CHABG

Myrtle Rust Survey

Fighting myrtle rust with collections data.

Myrtle rust on Geraldton Wax flower buds by John Tann, (CC BY 2.0) at https://www.flickr.com/photos/31031835@N08/8595049832

What is Myrtle Rust?

Myrtle rust (Austropuccinia psidii) is an introduced fungal pathogen that arrived in Australia in 2010. It spread rapidly throughout the east coast of Australia, impacting the ability of species in the Myrtaceae family to survive and reproduce. This family includes well known Australian plants such as the iconic eucalypts, lilly pillies, bottlebrushes, paperbarks and tea trees. These plants are synonymous with the Australian landscape, and many are found nowhere else in the world.

 Action is needed to better understand species susceptibility, secure ex situ collections, and protect at-risk ecological communities before it’s too late.

CHABG and Botanic Gardens Australia & New Zealand (BGANZ) are seeking information from facilities that hold ex situ (off site) plant, seed or other germplasm collections of Myrtaceae species. This information will help the plant conservation community to better understand the representation of Myrtaceae species in ex situ collections nation-wide. 

The survey will run from August to October 2022 and is open to botanic gardens, seed banks, arboreta, and nurseries that operate for the conservation of native flora

Take part in the survey

If you or your organisation hold conservation collections of Myrtaceae species, we need your help!Please click below to download our survey and return your response to info@chabg.org.au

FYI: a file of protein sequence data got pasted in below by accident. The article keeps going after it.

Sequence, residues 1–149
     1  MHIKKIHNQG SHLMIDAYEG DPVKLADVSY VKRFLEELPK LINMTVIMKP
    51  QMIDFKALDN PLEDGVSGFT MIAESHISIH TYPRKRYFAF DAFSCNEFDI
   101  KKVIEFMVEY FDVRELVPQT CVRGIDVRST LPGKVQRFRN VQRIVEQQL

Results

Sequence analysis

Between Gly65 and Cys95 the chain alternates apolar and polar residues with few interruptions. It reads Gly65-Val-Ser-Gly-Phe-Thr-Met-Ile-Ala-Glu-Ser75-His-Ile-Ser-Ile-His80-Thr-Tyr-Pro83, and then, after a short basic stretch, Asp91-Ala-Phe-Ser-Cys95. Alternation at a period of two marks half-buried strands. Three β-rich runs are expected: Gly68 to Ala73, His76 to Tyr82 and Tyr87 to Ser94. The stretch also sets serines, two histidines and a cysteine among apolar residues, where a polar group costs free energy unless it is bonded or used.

Information from this survey will be used to inform future prioritisation of myrtle rust-affected species and support the implementation of the Australian Government’s Threatened Species Strategy Action Plan 2021–2026.

Unsure which species are part of the Myrtaceae family?
You can cross-reference your collection here.

Acknowledgements

CHABG and BGANZ  acknowledge the generous biosecurity funding provided by the Australian Government. 

This support will allow us to undertake a stocktake of Myrtaceae species that are currently held in conservation collections in botanic gardens, nurseries and seed banks across the country. 

Rhodamnia rubescens cuttings in the Booderee Botanic Gardens nursery. Image: Damian Wrigley
Part of the Rhodamnia rubescens insurance collection at the Booderee Botanic Gardens nursery. Image: Damian Wrigley
Part of the Rhodamnia rubescens insurance collection at the Booderee Botanic Gardens nursery. Image: Damian Wrigley
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